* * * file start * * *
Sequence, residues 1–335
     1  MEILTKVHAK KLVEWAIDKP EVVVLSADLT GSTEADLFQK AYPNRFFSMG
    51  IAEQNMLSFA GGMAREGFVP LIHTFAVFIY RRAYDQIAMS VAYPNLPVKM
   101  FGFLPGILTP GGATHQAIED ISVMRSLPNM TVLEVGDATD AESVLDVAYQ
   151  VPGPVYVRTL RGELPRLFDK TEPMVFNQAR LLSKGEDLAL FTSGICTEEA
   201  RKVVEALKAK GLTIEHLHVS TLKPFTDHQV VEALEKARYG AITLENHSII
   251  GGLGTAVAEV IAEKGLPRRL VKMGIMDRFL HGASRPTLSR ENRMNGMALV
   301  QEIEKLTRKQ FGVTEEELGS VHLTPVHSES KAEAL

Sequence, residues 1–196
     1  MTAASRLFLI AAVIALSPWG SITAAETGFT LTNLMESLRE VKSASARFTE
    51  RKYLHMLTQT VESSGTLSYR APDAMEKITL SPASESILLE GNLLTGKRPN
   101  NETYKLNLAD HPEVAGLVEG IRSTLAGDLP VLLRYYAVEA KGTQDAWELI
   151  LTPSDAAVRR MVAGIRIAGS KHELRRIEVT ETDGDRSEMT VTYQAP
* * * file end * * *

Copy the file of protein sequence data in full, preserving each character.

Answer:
Sequence, residues 1–335
     1  MEILTKVHAK KLVEWAIDKP EVVVLSADLT GSTEADLFQK AYPNRFFSMG
    51  IAEQNMLSFA GGMAREGFVP LIHTFAVFIY RRAYDQIAMS VAYPNLPVKM
   101  FGFLPGILTP GGATHQAIED ISVMRSLPNM TVLEVGDATD AESVLDVAYQ
   151  VPGPVYVRTL RGELPRLFDK TEPMVFNQAR LLSKGEDLAL FTSGICTEEA
   201  RKVVEALKAK GLTIEHLHVS TLKPFTDHQV VEALEKARYG AITLENHSII
   251  GGLGTAVAEV IAEKGLPRRL VKMGIMDRFL HGASRPTLSR ENRMNGMALV
   301  QEIEKLTRKQ FGVTEEELGS VHLTPVHSES KAEAL

Sequence, residues 1–196
     1  MTAASRLFLI AAVIALSPWG SITAAETGFT LTNLMESLRE VKSASARFTE
    51  RKYLHMLTQT VESSGTLSYR APDAMEKITL SPASESILLE GNLLTGKRPN
   101  NETYKLNLAD HPEVAGLVEG IRSTLAGDLP VLLRYYAVEA KGTQDAWELI
   151  LTPSDAAVRR MVAGIRIAGS KHELRRIEVT ETDGDRSEMT VTYQAP